All right, let’s see if we can get some momentum going here again.
I had a chance to play MMP/The Gamers’ latest Standard Combat Series game Bastogne the other day. I have sort of a love/hate (well, maybe like/dislike) relationship with this particular series. I like that it’s simple and I can play almost all the game 15 minutes out of the box with little to no frustration. I like the minimalism of the design, the fact that it’s sort of a throwback reductionist system, with hexes, ZOCs, CRTs, and basically all the standard components of a 70s-era wargame. The series tries to take these absolute basics and use them in interesting ways.
As I played the first 4-5 turns of the full scenario, I was really excited about Batogne and felt like it did a lot of stuff right. The early game is awesome, with a mixed bag of Germans ranging from elite armored units to low-quality infantry driving into the teeth of American paratroopers and an armored combat command. They deal with constricted terrain and US artillery and lousy roads – sort of a microcosm of the entire Battle of the Bulge. SCS games like to be small to mid-sized, I think; the good games in the series have only moderate counter density and unit counts, like Afrika and Fallshirmjaeger. Bastogne does have a fair number of units, but the low stacking limits (a feature that seems to be popular with Bulge games recently) of only a counter or two in a hex keeps things under control. It’s not quite in the ideal SCS zone, but it’s close enough. The rules for road marches, which allow units to rapidly move across the map if not engaged, are terrific in allowing players to rapidly redeploy troops as was historically possible, while avoiding the worst of the problems of having units with immense movement factors as was the case in Crusader. They allow for reasonably surprising attacks, as well as forcing players to maintain reasonably strong and coherent lines.
But by the end, Bastogne had let me down. After turn 5, the game collapses under its own weight, much like The Mighty Endeavor did when it turned into a tweezer-fest in the final showdown on the German border. As is unfortunately so often the case with The Gamers-branded games, Bastogne falls apart on the player objectives. The Germans have to secure the cross-board roads on the last turn, but this turns into a mess of hunting down rogue US units (there are no supply rules, so units can exist in isolation in perptuity), working out all combinations of possible road march moves, and (for the Germans) grinding out the last few battles required to win, or (for the US) keeping a handful units in range to interdict the roads. After the major clashes of the first half, the second half of irritating cat-and-mouse securing is a serious letdown and I found it extremely tedious.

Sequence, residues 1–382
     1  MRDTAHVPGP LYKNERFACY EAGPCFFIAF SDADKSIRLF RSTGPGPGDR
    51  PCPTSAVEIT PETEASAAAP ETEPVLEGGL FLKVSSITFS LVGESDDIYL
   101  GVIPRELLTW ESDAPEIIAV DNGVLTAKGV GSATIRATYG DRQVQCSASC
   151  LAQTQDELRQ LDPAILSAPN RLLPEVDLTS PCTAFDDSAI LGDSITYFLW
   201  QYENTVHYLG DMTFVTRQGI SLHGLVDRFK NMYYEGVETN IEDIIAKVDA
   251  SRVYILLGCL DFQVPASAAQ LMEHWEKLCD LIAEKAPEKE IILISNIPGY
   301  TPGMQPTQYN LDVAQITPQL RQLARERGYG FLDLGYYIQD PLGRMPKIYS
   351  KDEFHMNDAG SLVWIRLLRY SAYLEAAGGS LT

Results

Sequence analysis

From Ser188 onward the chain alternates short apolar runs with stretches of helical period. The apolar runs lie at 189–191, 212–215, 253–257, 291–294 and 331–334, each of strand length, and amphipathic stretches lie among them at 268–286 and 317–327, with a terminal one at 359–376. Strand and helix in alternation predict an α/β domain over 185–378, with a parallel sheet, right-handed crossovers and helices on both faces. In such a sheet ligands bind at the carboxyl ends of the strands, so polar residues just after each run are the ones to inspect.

I find that I mistrust how The Gamers’ games tend to do victory conditions. I’ve heard the terms “Design for Cause” and “Design for Effect” swirl around their games, but I really think of these two terms more as “the right way” and “the wrong way”. Bastogne has several “Design for Effect” rules (or, in the case of supply, non-rules) which are basically arbitrary hacks to force the players to behave historically. For example, the US player receives reinforcements from TF Abrams, the lead units of Patton’s army, coming up from the south. Historically, they were apparently used to try to relieve pressure on the besieged Americans, not to block the roads. So there is a special rule which says that these units don’t count when determining whether or not the Germans control the roads, which means the Germans can “win” by securing a route paste Bastogne despite the presence of a large American armored formations on said road. The game would be silly without the rule – it would be extraordinarily hard for the Germans to secure the southern route, leaving them the northern route as the only viable way to win – but I’m not sure this is much of an improvement.
Too many SCS games have hacks like this to coerce historical play rather than to actually get at the roots of what is really going on. I refer you to Bowen Simmons fascinating and brilliant piece on Quiddity in his design diary for The Guns of Gettysburg. Obviously, the devil is in the details and maybe Guns of Gettysburg won’t work out (2014 note: oh yeah, it worked out). But that’s how you design victory conditions, and I anxiously await the new game.
It’s easy to speculate on what might have been for Bastogne, how the victory conditions might be tweaked to make the game more interesting. If the Germans could win as soon as the roads are secure (seems reasonable), that might help – the US aren’t getting any stronger as the game goes on. Or something more nuanced than “take and hold one of two roads plus some spare change” might have been good. Or some supply rules … I disagree with the designer’s notes on this, I think some supply rules would have helped to deter both unsupportable German suicide runs into Bastogne for cheap points as well as lone isolated Americans hunkering down off the grid for days in order to jump on supply roads right at the end.
All this is speculation though. Unfortunately, I think the second half of Bastogne just doesn’t work very well. So for me, this is yet anther SCS game with a lot of promise that can’t deliver. Gamers’ games often seem to have these sorts of victory condition problems, and Bastogne seems to suffer more than most.
I’d be interested if anyone can, as a thought experiment, come up with a good answer for what the Quiddity was for the siege of Bastogne. All I can come up with is the somewhat unsatisfactory “as the Germans, you’re hosed”. This seems like a tactical battle that was lost at the operational level because the Germans never had the forces to win, in large part because they never had the forces to undertake the whole Bulge thing in the first place.